Old First United Church of Christ has used the live-animal creche for over 40 years to bring the Christmas story home to 4th and Race and alive for neighbors near and far.
Last year, with the escape of Stormy the cow, our telling of the holy story got overwhelmed or lost in the important and unsettled questions of the proper treatment of animals in our culture.
This year, with the international refugee crisis and the immigration questions facing the U.S., Old First had decided, instead, to present a Refugee Nativity to tell the Christmas story.
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68.5 million people are currently forcibly-displaced worldwide. This number is now higher than at any time in modern history. These are people who have fled extreme dangers, whether to escape relentless bombing, an invading army, gang violence, or other life-threatening circumstances. Those who have been uprooted from their homes often face further struggles on their journey to find safety, including lack of access to essential needs like clean water, food, shelter, personal security, and health care.
40 million of the record-high number of dislocated people are internally-displaced, which means they have had to flee their homes and hometowns, but are still within their homeland or country of origin.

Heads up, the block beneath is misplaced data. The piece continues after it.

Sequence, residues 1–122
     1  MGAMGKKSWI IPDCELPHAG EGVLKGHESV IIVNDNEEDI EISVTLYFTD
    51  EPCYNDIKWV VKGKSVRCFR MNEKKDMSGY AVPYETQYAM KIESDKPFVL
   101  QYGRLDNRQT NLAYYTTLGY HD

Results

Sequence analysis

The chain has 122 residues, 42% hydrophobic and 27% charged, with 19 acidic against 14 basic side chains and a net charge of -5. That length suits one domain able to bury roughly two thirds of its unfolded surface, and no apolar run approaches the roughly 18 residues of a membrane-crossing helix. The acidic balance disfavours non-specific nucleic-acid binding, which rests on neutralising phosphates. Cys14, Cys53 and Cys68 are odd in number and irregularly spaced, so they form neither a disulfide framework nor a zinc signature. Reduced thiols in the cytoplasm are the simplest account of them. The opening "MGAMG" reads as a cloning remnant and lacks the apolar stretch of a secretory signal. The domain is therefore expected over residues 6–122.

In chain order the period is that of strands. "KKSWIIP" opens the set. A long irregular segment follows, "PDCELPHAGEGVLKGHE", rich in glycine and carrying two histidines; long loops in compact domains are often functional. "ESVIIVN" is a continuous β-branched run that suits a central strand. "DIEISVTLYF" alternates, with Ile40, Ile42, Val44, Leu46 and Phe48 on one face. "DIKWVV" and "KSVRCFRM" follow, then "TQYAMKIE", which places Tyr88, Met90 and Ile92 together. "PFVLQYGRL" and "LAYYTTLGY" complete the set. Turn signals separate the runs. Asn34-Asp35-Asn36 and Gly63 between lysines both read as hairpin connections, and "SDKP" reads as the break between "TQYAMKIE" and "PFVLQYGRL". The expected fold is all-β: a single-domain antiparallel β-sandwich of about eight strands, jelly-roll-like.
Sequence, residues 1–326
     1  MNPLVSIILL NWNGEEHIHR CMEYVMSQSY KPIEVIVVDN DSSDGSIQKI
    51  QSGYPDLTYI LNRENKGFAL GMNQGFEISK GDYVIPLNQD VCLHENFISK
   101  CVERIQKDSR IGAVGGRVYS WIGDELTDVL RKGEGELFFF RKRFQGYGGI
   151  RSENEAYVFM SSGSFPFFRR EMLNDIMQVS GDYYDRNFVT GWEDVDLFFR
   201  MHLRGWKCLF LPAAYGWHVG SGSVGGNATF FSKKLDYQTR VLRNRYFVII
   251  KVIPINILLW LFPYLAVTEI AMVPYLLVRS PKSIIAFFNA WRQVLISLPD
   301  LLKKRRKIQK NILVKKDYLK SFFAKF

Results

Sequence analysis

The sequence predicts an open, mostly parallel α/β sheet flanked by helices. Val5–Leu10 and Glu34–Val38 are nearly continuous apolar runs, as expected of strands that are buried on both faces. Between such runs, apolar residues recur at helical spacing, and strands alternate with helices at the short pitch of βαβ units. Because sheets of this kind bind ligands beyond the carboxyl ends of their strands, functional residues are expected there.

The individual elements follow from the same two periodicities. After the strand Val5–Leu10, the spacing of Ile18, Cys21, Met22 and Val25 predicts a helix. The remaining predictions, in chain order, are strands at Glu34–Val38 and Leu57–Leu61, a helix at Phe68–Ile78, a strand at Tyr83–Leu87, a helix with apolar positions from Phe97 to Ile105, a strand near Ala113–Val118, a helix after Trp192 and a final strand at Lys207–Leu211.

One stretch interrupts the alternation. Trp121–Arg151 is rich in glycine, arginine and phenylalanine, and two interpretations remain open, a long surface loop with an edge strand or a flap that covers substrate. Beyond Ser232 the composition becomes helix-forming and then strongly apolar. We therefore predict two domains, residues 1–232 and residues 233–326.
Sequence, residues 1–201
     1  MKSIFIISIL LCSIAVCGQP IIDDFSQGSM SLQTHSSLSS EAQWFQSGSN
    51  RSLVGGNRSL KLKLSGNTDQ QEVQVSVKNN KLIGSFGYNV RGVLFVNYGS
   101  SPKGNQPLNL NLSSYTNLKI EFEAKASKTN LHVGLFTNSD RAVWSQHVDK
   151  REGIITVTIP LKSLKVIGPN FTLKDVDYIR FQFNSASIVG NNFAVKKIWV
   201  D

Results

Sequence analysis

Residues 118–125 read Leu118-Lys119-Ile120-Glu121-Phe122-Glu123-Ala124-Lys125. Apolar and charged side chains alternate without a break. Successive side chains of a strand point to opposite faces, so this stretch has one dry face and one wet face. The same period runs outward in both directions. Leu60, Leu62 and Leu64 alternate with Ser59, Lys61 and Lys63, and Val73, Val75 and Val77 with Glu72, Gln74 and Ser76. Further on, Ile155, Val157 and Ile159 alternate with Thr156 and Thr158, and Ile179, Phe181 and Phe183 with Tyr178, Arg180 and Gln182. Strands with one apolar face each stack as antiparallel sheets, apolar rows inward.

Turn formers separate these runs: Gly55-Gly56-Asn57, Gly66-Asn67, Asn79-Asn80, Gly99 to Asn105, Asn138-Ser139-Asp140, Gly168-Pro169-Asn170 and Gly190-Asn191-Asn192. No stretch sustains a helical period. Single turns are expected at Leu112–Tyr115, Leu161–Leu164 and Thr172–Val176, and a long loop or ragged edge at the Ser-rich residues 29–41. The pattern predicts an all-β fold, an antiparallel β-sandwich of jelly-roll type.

25.4 million people are refugees who have left their nation of origin in search of some other safe location. (And half of the refugees are younger than 18 years old).
And 3.1 million people are seeking asylum. claiming protection from another nation vis a vis the dangers they faced at home.
There are also an estimated, additional 10 million stateless people who have been denied a nationality and access to basic rights such as education, healthcare, employment and freedom of movement.
57% of refugees today are coming from just three nations: South Sudan, Afghanistan and Syria. 85% of refugees are seeking safety in the developing world where nations are often hard-strapped to struggling to support the refugees. The top refugee-welcoming nations currently are Turkey, Uganda, Pakistan, Lebanon and Iran.
44,400 people are forced from their homes a day, or almost 1 person every 2 seconds.
The Trump Administration has reduced refugee admissions to the U.S. for calendar year 2019 to a ceiling limit of 30,000 and only 22,491 were actually resettled in 2018, both the lowest numbers since 1980’s founding of the current refugee program.
(Sourced from the UNHCR website)
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In our U.S. news lately, there has been much coverage of the caravan of Hondurans WALKING from San Pedro Sula to the Mexican – American border. The caravan chose to approach the border in California, though a longer walk, because California is a sanctuary state already at odds with the federal government over immigration issues. Also, in California, there is much less militia activity than in either Texas or Arizona.
The first people from the caravan to arrive at the border in Tijuana were LGBT asylum-seekers. But, their number has been added to, and now there are approximately 1500 people at the border. In the next week, it is expected that as many as 2000 more asylum-seekers, currently walking their way up through Mexico, will arrive in Tijuana.